It’s no secret that the U.S. has been marred by a housing crisis for decades. In the face of the housing shortage, architects have proposed higher density, modular construction, and even shipping container apartment complexes. Now, a new exhibition in San Francisco explores the potential for one of humanity’s oldest forms of living to ease the country’s housing crisis: cohabitating.
Titled “House of Commons,” the exhibition presents more than 35 examples from the Bay Area but also Baltimore; Berlin; Seoul; and Saint-Cloud, France. These case studies informed the design of five new proposals representing a range of flexible strategies to support social interaction and varying levels of privacy.
In San Francisco, the research has already been used to inform new policy around the definition of group housing, which was being exploited by developers and will now mandate a minimum of 33% shared spaces. The proposals, however, offer myriad approaches and layouts that can be used to inform co-living design in other cities as well.
The exhibition is on view now at the David Ireland House in San Francisco’s Mission neighborhood. It was developed by local architecture firm the Open Workshop, based on research done by the firm’s founding principal, Neeraj Bhatia, and Antje Steinmuller, an associate professor at California College of Art.
When Bhatia moved to the Bay Area in 2013, he was immediately faced with the city’s housing crisis and became interested in how different living arrangements could allow people to have control over their lives. “I value my privacy and my solitude, and what I found through looking at various case studies is that there is a range of ways that people live together, and many of them embrace privacy as much as they do coming together,” he says.
Co-living around the world
The exhibition is the culmination of five years of research into communities like R50, a six-story co-living project in Berlin, and the Jystrup Sawmill in rural Denmark, an L-shaped complex of townhouses connected by internal streets. One of the earliest examples that the team analyzed dates back to the 1960s, when the 80-acre Black Bear Ranch was born in Siskiyou County, California. Around that time, Bhatia says, about 1 million people in America were living in communes.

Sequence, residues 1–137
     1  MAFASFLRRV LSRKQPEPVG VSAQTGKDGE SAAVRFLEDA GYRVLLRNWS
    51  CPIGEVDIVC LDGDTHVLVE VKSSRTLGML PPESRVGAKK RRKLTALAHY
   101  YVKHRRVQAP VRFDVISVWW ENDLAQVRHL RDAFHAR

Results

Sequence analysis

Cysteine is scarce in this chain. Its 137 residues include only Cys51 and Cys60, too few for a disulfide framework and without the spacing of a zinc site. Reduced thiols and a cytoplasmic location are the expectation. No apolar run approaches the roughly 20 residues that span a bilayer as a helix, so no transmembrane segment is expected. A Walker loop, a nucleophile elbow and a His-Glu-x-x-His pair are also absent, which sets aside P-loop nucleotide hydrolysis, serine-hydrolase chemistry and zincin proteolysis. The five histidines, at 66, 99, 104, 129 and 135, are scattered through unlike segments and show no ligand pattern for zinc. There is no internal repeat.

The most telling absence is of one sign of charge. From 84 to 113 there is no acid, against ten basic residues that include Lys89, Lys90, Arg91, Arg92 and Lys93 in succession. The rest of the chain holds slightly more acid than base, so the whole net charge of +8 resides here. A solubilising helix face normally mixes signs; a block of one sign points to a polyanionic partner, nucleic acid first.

“In the 1960s, there was . . . an emphasis on shared ownership, raising kids together, sharing labor,” he says. Today, the motivations are much broader: Some people do it to bring down costs, others seek a community of like-minded people who share their lifestyle, values, and politics.
Many co-living developments are built in preexisting structures, like Chaortica, which is part of an intentional community network in San Francisco located in a century-old single-family residence with a garden and a greenhouse. Others, like the 18-story Starcity co-living startup in downtown San Jose, California, built their own buildings. Bhatia says that the Starcity development is geared more toward short-term stays for residents who are new to the city and want to meet new people while saving money.
Co-living in the future
Drawing lessons from all the examples the team studied, Bhatia created five speculative co-living designs. Each city has a unique set of cultures and challenges, so the architect eschewed context-specific proposals, but he says the different schemes relate to different densities, making them suitable for both urban and suburban environments.
“Grids,” for example, offers the most private scenario. It envisions a community organized around an urban grid, except in this version the streets are replaced with housing and the central blocks form courtyards, gardens, and shared spaces. Here, Bhatia was inspired by the idea of a “collective outdoor room,” much like the constellation of internal courtyards in Barcelona’s Eixample district.
On the other end of the spectrum, the “Surface” scheme portrays an extreme example of people living together with very few walls, and boundaries defined primarily through curtains and movable furniture. “The idea that walls are the sole mechanism to define these territories is eradicated,” Bhatia says. “This would be a scheme for those who are more willing to live together.”
The easiest way to implement any of these proposals would be to build them from scratch, but Bhatia could envision them fitting into existing buildings as well. The linear layout of “Grids” could lend itself well to former single-room-occupancy buildings—where tenants rent out a room and share amenities like kitchens and bathrooms—or hotels, which already come with long corridors flanked by rooms.
And “Surface,” which requires an open space that can be subdivided as needed, can be well suited to converted warehouses. “It’s about thinking about paths of least resistance and where development might get you more for less,” Bhatia says. “How do we produce something simple that can offer huge amounts of complexity?”